PA Budget Crisis Has IDF on High Alert

PA grappling with financial crisis, cuts workers' pay 40%; to compensate, Israel lets an additional 10,000 workers into Israel.

Tova Dvorin ,

Mahmoud Abbas
Mahmoud Abbas
Issam Rimawi/Flash 90

The Palestinian Authority (PA) is facing a possible coup from within, after Hamas officials declared over the past week their intent to "liberate all of Palestine" - including the PA - and terrorism escalating in Jenin and elsewhere. 

But the PA may soon face bigger problems: a metastasizing financial crisis.

PA Chairman Mahmoud Abbas cut the salaries of tens of thousands of PA workers by 40%, he announced Monday - a move which, according to Walla! News, has the Israeli defense establishment on high alert. 

To counteract the fallout, high-ranking officers in the IDF and in the political echelon have decided within the framework of negotiations to increase the quota of Palestinian Arab workers into Israel to 10,000 daily in order to prevent unrest spreading in the PA streets. 

Approximately 120,000 Palestinian Arabs work in Israel every day; of those, 60,000 are estimated to be working over 1949 Armistice lines, in Jewish communities and Jewish-owned industrial areas. About 30,000 workers are estimated to be illegally employed. 

The PA has repeatedly asked for foreign donations, claiming it is on the verge of collapse due to a worsening financial crisis.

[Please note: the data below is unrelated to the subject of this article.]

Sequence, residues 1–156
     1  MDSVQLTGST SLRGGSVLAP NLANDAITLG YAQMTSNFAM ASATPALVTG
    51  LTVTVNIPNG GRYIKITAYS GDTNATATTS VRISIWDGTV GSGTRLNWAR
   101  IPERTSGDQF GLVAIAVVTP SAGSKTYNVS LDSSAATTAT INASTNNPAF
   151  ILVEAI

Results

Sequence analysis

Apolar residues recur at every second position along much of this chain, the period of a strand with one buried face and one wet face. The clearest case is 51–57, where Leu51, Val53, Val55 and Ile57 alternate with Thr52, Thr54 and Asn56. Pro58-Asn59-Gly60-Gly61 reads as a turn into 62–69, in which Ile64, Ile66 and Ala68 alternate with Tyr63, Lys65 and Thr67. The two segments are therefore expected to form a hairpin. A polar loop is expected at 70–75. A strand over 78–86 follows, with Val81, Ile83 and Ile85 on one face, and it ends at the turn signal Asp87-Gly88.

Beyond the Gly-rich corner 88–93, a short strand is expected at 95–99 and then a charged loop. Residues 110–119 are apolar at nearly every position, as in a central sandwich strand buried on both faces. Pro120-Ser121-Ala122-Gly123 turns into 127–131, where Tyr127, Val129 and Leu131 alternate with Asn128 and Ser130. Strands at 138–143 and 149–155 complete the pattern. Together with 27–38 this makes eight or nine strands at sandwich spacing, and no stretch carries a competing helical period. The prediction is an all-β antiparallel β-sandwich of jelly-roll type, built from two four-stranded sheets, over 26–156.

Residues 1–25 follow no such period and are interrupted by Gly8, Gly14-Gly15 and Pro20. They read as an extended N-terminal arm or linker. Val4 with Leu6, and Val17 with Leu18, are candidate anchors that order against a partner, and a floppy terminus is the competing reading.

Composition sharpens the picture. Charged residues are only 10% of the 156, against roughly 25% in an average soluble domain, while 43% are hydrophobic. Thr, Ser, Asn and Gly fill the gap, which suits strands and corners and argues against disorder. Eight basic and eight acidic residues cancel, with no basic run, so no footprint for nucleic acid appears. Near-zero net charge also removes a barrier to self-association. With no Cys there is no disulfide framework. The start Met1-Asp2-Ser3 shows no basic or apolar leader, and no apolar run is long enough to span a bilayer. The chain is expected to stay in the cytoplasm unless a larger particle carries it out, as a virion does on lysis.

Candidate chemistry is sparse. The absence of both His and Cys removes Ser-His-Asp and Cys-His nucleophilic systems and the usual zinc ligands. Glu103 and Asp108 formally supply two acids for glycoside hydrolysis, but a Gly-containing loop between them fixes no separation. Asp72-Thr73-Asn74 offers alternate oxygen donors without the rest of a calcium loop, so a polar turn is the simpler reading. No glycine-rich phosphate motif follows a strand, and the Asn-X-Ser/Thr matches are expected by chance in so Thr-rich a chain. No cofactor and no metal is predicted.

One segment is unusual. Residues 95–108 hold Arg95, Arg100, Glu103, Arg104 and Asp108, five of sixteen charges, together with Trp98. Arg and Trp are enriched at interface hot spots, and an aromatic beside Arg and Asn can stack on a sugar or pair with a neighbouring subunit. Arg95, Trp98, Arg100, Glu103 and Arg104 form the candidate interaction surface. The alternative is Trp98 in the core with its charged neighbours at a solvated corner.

In March 2014, Ramallah announced it had reached a staggering $4.8 billion in debt, with a 2014 budgetary deficit of $1.5 billion.

While blaming Israel for the PA’s financial woes, Abbas continues to spend six percent of the PA’s annual budget to pay $4.5 million a month to jailed terrorists and another $6.5 million to their families.

Wage disputes could lead to full-fledged economic and security crises, as a similar dispute erupted in Hamas-controlled Gaza earlier this year. 

Tensions in the wage war began with the PA-Hamas unity deal in April, after which Hamas's 40,000 employees in Gaza still were not paid backlogged wages by the new unity government even as the PA's 70,000 employees in Gaza continue to be paid.

The rage boiled over into violence, with Hamas eventually shutting down all the banks in Gaza for roughly a week, until in June a financial bail-out from Qatar temporarily stemmed the crisis; however, Hamas's launching a terror war on Israel early in July apparently put off the salary payments even further.